Blood Flow and Efficiency of Dialysis Short dialysis with fixed Kt/Vurea leads to maximization of dialysis efficiency by using higher efficiency dia-lyzers and high blood and dialysate flows; however, the influence of blood flow on the efficiency of dialysis is markedly lower than dialysis time. Removal of MMs (including phosphorus) is only slightly dependent on blood and dialysate flows . so compensating shortened dialysis time by increasing blood flow is not effective. This is not only related to the slow diffusion of these molecules through the membrane, but also to multicompartmental behavior, i.e., slow diffusion from the extravascular space to the plasma . This process may be compared to the poor 'plasma-refilling rate' of water and sodium in high ultrafiltration rate hemodialysis. It is worth realizing that even for removal of small molecules, an increased time of dialysis is more effective than increased blood and dialy-sate flows, because spKt/Vurea (single pool) is directly proportional to dialysis time, but K is exponentially, not linearly, proportional to blood and dialysate flows.
High Blood Flow Rates and Retrofiltration The introduction of ultra-short dialysis treatments with high blood flow and high flux dialyzers brought other unexpected, undesirable effects, namely back filtration or retrofiltration of dialysate to the blood compartment [79, 80]. Ronco  explained that back filtration (retrofiltration) is particularly pronounced with long dialyzer and the high flows of blood and dialysate. The consequence of bacterial product delivery from the dialy-sate to the blood stream is an acute phase reaction with consequent chronic inflammation, protein-energy malnutrition, and accelerated arteriosclerosis constituting the well-described malnutrition-inflammation-arteriosclerosis syndrome [82, 83].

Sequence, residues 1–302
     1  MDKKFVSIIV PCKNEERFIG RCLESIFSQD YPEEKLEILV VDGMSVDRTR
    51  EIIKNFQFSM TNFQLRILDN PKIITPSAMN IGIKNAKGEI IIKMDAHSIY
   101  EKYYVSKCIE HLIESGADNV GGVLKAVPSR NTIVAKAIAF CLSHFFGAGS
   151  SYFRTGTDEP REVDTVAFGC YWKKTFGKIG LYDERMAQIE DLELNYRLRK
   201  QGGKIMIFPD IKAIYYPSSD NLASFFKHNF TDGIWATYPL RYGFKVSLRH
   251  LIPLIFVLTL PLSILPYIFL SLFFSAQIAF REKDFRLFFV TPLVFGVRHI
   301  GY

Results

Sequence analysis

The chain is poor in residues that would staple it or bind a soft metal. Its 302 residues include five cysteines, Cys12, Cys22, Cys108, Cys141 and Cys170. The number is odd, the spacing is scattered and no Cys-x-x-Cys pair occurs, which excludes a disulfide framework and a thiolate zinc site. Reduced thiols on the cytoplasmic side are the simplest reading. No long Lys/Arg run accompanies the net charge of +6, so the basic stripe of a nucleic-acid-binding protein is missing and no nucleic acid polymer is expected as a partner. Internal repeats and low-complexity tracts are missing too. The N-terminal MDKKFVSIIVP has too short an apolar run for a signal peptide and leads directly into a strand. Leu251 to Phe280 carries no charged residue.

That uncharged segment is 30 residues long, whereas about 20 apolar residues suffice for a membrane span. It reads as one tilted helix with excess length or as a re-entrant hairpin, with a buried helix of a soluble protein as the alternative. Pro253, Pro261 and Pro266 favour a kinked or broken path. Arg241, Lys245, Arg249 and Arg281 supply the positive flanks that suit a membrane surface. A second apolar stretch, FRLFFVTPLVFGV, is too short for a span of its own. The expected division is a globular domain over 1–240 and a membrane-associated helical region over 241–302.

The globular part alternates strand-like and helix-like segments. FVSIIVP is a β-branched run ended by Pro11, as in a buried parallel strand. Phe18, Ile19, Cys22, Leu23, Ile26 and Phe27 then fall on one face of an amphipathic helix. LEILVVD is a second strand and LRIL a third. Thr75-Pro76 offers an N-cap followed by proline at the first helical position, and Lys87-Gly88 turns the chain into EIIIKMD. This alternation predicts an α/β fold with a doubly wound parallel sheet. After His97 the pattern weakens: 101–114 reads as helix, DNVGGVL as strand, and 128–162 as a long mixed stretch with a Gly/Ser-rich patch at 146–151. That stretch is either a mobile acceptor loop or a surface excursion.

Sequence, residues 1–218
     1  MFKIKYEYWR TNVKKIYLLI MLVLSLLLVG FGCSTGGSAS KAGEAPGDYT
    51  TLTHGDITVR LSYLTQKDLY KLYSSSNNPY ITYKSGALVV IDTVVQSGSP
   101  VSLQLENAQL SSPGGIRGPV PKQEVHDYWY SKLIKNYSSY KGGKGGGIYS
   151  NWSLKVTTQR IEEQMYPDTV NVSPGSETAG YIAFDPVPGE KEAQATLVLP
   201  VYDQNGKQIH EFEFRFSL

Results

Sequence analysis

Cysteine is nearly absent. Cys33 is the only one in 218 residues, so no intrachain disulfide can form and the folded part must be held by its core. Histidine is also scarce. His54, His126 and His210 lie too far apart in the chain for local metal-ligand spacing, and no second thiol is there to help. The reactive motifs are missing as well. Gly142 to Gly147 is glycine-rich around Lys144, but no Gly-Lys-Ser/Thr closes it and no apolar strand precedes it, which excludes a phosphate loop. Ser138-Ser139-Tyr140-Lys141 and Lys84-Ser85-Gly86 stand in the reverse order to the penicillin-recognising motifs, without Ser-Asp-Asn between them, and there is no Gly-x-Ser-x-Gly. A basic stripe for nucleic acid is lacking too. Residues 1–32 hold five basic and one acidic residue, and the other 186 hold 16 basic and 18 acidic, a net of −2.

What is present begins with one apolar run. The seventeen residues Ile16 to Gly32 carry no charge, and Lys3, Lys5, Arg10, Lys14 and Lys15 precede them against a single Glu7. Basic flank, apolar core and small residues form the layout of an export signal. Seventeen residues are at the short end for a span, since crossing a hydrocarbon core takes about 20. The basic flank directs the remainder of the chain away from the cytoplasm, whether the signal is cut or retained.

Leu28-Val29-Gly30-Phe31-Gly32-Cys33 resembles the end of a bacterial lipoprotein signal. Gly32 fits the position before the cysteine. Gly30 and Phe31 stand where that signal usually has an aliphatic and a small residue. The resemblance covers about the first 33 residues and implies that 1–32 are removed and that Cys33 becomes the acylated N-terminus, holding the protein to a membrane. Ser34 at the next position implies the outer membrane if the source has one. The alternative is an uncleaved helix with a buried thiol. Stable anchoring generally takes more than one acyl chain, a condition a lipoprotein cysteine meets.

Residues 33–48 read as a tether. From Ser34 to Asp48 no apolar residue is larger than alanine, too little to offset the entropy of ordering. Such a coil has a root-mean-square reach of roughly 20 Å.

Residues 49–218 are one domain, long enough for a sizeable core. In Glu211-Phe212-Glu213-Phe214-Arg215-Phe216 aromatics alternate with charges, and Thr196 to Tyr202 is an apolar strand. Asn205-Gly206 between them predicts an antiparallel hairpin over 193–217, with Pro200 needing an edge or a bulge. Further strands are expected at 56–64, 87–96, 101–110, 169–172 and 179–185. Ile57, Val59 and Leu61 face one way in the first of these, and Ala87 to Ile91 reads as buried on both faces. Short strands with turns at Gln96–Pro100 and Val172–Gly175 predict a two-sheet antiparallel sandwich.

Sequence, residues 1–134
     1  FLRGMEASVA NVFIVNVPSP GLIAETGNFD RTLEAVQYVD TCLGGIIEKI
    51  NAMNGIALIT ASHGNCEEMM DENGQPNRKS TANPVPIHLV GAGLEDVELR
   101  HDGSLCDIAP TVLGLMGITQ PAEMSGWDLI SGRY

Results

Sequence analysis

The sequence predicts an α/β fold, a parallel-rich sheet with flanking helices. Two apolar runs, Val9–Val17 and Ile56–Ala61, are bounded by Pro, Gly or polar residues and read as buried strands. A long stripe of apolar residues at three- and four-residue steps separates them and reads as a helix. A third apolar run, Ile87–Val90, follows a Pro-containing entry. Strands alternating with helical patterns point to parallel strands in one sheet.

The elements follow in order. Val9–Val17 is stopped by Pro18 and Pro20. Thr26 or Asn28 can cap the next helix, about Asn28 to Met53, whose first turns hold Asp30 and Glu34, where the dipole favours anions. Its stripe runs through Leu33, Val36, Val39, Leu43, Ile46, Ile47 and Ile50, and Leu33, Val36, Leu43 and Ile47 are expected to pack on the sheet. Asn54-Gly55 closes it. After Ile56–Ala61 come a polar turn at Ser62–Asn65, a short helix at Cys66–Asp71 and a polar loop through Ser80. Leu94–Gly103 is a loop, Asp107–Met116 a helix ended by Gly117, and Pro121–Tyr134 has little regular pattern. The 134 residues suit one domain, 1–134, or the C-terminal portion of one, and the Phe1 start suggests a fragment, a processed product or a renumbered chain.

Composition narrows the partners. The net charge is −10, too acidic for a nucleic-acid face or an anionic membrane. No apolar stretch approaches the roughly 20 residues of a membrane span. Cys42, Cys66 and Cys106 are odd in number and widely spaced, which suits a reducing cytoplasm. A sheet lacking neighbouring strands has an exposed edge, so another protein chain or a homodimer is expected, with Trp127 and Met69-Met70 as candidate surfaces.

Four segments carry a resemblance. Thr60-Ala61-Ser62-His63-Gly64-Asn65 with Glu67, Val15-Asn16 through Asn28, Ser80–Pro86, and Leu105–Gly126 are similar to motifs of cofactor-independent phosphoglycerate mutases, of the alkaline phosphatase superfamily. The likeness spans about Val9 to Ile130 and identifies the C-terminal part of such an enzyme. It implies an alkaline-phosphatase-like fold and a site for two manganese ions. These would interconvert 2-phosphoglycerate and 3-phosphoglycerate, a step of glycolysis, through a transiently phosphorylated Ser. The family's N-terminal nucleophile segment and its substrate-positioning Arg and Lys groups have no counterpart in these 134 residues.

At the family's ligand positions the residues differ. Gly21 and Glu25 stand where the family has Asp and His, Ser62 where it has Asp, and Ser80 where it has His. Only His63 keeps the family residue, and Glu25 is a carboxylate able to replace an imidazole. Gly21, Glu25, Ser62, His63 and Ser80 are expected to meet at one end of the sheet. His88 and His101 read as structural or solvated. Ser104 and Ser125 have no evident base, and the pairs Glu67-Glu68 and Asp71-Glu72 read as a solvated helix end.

According to the DOPPS, in the US the mean dialysis duration of 213 min is the lowest of the seven nations participating in the study and the prescribed blood flow rate of 401 ml/min is the highest [ 84]. The requirement of high blood flow increases demand on blood access. There are major differences in blood access use between Europe and the US in both genders, in all age groups, and in patients with and without diabetes. In addition, survival of arteriovenous fistulas is better in Europe than in the US . It is my strong suspicion that the differences are related, at least in part, to the differences in required blood flow. For instance, primary arteriovenous wrist fistulae providing blood flows of 300 ml/min may be considered adequate in Europe where the mean prescribed flow is 300 ml/min, but are considered inadequate in the US where the prescribed blood flow is over 400 ml/min . Such fistulae are abandoned and other blood accesses are created instead in the US. Even fistulae providing blood flows of 350 ml/min are in jeopardy because of repeated attempts to achieve higher blood flows using tourniquets and other maneuvers. With these attempts, the intima of the fistula is damaged by suction of the inflow needle, and the survival of the fistula is shortened. Finally, hypo-tensive episodes suddenly reduce fistula blood flow and predispose to clotting. If intravenous catheters are used as blood accesses, large catheter lumens are required to achieve high blood flows. The large diameter catheter fits the vein too tightly and predisposes to damage of the vein wall, vein thrombosis and stenosis [ 87]. Thus, the requirement of very high blood flow may be a contributing factor to poor blood access results in the US.
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